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Review

Understanding Plant Social Networking System: Avoiding Deleterious Microbiota but Calling Beneficials

1
Biotechnology Research Institute, College of Natural Sciences, Chungbuk National University, Cheongju 28644, Korea
2
Molecular Phytobacteriology Laboratory, Infection Disease Research Center, KRIBB, Daejeon 34141, Korea
3
Biosystem and Bioengineering Program, University of Science and Technology (UST) KRIBB School, Daejeon 34141, Korea
*
Author to whom correspondence should be addressed.
Academic Editor: Jan Schirawski
Int. J. Mol. Sci. 2021, 22(7), 3319; https://0-doi-org.brum.beds.ac.uk/10.3390/ijms22073319
Received: 21 January 2021 / Revised: 9 March 2021 / Accepted: 19 March 2021 / Published: 24 March 2021
(This article belongs to the Special Issue Plant Microbe Interaction 4.0)

Abstract

Plant association with microorganisms elicits dramatic effects on the local phytobiome and often causes systemic and transgenerational modulation on plant immunity against insect pests and microbial pathogens. Previously, we introduced the concept of the plant social networking system (pSNS) to highlight the active involvement of plants in the recruitment of potentially beneficial microbiota upon exposure to insects and pathogens. Microbial association stimulates the physiological responses of plants and induces the development of their immune mechanisms while interacting with multiple enemies. Thus, beneficial microbes serve as important mediators of interactions among multiple members of the multitrophic, microscopic and macroscopic communities. In this review, we classify the steps of pSNS such as elicitation, signaling, secreting root exudates, and plant protection; summarize, with evidence, how plants and beneficial microbes communicate with each other; and also discuss how the molecular mechanisms underlying this communication are induced in plants exposed to natural enemies. Collectively, the pSNS modulates robustness of plant physiology and immunity and promotes survival potential by helping plants to overcome the environmental and biological challenges.
Keywords: beneficial microbiota; communication; multitrophic interaction; plant growth-promoting rhizobacteria; plant social networking system beneficial microbiota; communication; multitrophic interaction; plant growth-promoting rhizobacteria; plant social networking system

1. Introduction

Phytobiome refers to the ecosystem within and surrounding a plant, which comprises diverse organisms including viruses, bacteria, archaea, fungi, oomycetes, other plants and even animals. Since their first appearance in the ecosystem, plants have evolved alongside a variety of beneficial organisms, pathogens and insects. In other words, being sessile organisms, plants have evolved strategies to survive under biotic- and abiotic stresses [1]. The physiology of aboveground plant organs such as leaf and stem differs from that of belowground structures such as the root system, and the difference between two types of plant structures facilitates interaction and communication between biotic stresses [2]. In response to external stimuli such as pathogen and insect attacks, plants have developed a systemic translocational signaling system, in addition to local modulation on immunity. Depending on the types of interactions between biotic communities, the biochemical and physiological fitness of plants has been modified synergistically, antagonistically or neutrally [1].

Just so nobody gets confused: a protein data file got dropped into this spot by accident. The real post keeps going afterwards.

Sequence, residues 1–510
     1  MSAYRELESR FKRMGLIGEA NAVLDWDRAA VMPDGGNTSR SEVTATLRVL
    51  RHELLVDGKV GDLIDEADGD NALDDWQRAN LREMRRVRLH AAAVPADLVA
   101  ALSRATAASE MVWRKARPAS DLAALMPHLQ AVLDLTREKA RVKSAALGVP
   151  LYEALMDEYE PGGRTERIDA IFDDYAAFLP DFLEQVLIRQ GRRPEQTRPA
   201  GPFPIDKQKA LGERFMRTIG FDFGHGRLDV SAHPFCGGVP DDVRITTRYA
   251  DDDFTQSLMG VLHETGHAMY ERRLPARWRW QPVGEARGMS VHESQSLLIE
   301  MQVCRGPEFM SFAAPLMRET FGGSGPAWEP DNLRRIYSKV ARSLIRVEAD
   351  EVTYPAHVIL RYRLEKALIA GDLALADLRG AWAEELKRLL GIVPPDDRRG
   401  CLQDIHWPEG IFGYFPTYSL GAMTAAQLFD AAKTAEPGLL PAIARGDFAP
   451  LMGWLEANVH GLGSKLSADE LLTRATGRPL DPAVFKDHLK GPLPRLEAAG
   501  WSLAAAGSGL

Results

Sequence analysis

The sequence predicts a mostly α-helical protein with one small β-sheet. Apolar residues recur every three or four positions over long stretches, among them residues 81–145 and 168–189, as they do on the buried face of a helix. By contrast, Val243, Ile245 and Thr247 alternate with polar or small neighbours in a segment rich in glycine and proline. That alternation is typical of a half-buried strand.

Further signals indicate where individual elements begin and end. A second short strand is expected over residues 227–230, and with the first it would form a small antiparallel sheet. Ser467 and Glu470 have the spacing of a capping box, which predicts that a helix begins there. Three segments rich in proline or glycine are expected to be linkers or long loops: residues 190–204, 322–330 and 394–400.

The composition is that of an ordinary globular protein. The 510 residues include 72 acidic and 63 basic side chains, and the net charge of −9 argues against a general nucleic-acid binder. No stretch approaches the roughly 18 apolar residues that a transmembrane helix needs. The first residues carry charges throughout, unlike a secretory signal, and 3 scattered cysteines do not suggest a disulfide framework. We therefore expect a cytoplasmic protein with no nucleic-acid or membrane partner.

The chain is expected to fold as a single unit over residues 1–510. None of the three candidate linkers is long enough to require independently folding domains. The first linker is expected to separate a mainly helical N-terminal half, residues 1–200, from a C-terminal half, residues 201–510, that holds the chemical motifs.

Interaction with a certain biotic stimulus stimulates the development of defense strategies at a local (infection site) area in plants [3]. Subsequently, defense signals derived from a local region of infected plants are transferred to systemic sites [3]. In addition to the intracellular signals and molecules, the plant-derived signals and molecules act as inter-compartment or inter-plant regulators [4]. To compromise the stress factors, plants orchestrate sophisticated machineries to cooperate with the soil microbiome [5,6,7]. In the rhizosphere, a number of microbes interact with plant roots, which can stimulate plant growth and immunity but also acquire some key nutrients in return [5,8]. Thus, plants and mutualistic microbes communicate with each other, and beneficial interactions between these partners can facilitate defense against invading enemies [9,10].
Multitrophic interactions between plants and microbes (i.e., detrimental insect–plant interactions and beneficial microbe–plant interactions) can be utilized to attenuate plant disease occurrence. For instance, in pepper (Capsicum annuum), foliar aphid feeding recruited rhizosphere bacteria and stimulated plant immunity against the leaf spot pathogen, Xanthomonas axonopodis [11]. In tobacco (Nicotiana benthamiana), whitefly infestation modulated plant immunity to produce endogenous salicylic acid (SA), resulting in the attenuation of Agrobacterium tumefaciens-induced gall formation [12]. More recently, activation of plant immunity in tomato (Solanum lycopersicum) by four Gram-positive bacteria controlled the incidence of bacterial wilt disease caused by Ralstonia solanacearum [13]. In addition, root-associated bacteria triggered the release of plant volatile organic compounds (VOCs), referred to as microbe-induced plant volatiles, and affected the rhizosphere microbiota of neighboring plants [14]. These results indicate that plants interact with beneficial microbes under certain stress conditions to control the response to third-party organisms. In this review, we describe the steps that constitute the plant social networking system (pSNS), show how plants and beneficial microbes communicate with each other, and highlight the strategies and underlying mechanisms of the pSNS. With field applications in mind, we also summarize the technological limitations of pSNS and how these could be surmounted.